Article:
The Nothing Phone 2 will hit store shelves later this year, and as the brand inches closer to the big day for its highly anticipated phone, it has started drip-feeding the hype around it. Most recently, Nothing co-founder and CEO Carl announced on Twitter that the upcoming phone will draw power from Qualcomm’s Snapdragon 8+ Gen 1 chipset.
Now, this isn’t the latest mobile silicon in Qualcomm’s arsenal, as phones armed with the newer and faster Snapdragon 8 Gen 2 — like the OnePlus 11 and Galaxy S23 Ultra — are already out there. However, the jump to a Snapdragon 8 series would still be a huge upgrade, as the Nothing Phone 1 made its way to the market rocking the decidedly midrange Qualcomm Snapdragon 778G+ processor.
That particular chip is based on TSMC’s 6nm fabrication node, while the Snapdragon 8+ Gen 1 switches to the more advanced 4nm node. In simple terms, that means a huge boost in raw performance and energy efficiency. Pei says the Nothing Phone 2 is twice as fast as its predecessor and that it brings a massive 80% jump in raw firepower.
In addition to brute performance gains, the switch to a Snapdragon 8 series also brings crucial improvements across the board, such as more efficient battery juice consumption, faster wireless connectivity, and — more importantly — a notable boost in camera capabilities. For example, the 18-bit Image Signal Processor (ISP) that comes bundled with the Snapdragon 8+ Gen 1 is capable of capturing and processing 4,000 times more light data than what the Snapdragon 778G+ inside the Nothing Phone 1 allowed.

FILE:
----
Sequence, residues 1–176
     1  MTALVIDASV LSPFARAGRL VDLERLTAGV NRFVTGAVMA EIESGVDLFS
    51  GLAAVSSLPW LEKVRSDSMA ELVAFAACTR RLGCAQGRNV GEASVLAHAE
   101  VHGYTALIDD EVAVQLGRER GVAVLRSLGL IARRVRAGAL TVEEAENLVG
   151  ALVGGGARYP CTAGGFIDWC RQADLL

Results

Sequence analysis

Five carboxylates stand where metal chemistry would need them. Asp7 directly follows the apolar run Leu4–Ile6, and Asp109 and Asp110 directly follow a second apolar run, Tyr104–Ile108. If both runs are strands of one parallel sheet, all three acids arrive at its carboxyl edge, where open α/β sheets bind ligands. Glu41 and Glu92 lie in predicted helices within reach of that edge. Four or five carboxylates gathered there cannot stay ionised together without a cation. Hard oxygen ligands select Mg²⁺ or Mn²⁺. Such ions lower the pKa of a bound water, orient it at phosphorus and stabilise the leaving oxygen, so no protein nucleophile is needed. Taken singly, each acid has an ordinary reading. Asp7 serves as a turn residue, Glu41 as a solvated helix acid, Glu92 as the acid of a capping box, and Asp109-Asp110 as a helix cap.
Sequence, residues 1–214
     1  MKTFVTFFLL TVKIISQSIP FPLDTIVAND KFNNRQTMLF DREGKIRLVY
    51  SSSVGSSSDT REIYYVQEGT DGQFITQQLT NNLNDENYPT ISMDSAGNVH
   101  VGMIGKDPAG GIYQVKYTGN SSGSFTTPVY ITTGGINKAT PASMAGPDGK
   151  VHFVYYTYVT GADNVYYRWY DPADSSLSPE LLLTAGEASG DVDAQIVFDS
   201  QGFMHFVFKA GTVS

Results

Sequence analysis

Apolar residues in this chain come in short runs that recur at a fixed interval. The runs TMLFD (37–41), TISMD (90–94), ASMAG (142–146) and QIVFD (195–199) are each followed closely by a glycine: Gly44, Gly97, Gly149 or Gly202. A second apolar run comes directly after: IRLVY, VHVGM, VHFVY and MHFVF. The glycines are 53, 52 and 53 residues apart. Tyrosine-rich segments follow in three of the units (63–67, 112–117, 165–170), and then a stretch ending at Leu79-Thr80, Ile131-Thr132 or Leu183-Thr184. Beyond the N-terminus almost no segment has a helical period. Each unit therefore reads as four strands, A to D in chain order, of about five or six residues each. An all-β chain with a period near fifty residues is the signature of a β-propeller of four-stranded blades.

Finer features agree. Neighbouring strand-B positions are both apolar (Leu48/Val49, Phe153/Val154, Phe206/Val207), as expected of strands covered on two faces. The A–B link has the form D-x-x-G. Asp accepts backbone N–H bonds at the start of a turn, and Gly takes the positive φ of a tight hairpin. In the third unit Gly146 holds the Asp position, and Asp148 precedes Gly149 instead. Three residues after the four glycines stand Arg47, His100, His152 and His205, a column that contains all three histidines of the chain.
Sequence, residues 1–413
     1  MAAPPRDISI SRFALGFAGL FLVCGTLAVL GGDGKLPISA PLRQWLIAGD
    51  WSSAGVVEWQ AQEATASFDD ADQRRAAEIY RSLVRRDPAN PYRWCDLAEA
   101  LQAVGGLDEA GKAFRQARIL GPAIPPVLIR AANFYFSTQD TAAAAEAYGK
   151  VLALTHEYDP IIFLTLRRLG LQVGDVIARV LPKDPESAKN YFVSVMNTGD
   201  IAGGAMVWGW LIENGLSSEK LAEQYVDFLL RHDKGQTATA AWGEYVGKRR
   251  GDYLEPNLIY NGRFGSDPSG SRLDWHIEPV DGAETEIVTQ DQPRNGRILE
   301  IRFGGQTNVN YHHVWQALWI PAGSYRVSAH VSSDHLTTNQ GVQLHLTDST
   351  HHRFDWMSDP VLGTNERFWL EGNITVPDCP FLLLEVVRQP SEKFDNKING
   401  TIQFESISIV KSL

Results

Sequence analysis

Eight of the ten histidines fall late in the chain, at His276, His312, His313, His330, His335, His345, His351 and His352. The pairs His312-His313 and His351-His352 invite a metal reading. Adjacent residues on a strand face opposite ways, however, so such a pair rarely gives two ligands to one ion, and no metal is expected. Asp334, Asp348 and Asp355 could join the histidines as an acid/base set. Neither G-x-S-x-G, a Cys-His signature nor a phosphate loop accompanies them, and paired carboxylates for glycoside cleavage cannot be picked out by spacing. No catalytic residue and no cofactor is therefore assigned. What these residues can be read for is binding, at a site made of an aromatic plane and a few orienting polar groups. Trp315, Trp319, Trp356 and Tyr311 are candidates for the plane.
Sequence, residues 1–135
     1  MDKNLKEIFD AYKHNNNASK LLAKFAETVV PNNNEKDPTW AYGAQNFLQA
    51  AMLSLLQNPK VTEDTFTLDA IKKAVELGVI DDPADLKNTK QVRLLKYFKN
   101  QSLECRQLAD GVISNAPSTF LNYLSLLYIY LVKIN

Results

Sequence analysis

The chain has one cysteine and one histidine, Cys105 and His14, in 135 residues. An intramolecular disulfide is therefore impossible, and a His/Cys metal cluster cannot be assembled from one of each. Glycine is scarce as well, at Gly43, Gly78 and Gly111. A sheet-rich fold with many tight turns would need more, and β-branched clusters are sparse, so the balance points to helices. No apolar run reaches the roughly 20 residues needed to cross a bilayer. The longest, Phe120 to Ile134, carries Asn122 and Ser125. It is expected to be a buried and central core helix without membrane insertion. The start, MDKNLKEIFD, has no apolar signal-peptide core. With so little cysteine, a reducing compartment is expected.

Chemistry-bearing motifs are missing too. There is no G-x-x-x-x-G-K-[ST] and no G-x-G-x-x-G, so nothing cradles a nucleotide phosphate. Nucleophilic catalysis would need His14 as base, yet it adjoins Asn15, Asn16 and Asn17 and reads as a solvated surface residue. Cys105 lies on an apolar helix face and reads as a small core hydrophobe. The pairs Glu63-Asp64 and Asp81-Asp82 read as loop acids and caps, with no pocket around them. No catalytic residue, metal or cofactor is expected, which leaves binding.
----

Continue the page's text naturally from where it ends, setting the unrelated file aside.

That means not only image and video quality are going up, but users will be treated to more camera tricks — such as 4K 60 frames-per-second (fps) video capture, which would otherwise require a faster imaging chip in the first place. Qualcomm also tends to deliver a smoother, more efficient experience with the iterative Plus version of its flagship chips compared to the first-gen flagship mobile processor.
In this case, the Snapdragon 8 Gen+ 1 actually sounds like a better deal, not just from a cost perspective, but it also shapes up to be a more practical option. Nothing already did an incredibly good job optimizing the Nothing OS experience while still fitting a midrange chip inside the Nothing Phone 1.
With a far more capable chip at its heart, the Nothing Phone 2 looks set to surpass those quality benchmarks. I am really excited to see the price bracket in which the phone gets slotted. If Nothing manages to put the Nothing Phone 2 in the same bracket as the Samsung Galaxy S23, Google Pixel 7, or even the Apple iPhone 14, it would make for a really compelling option — especially in the U.S., where the competition is far less aggressive than the saturated Asian markets.
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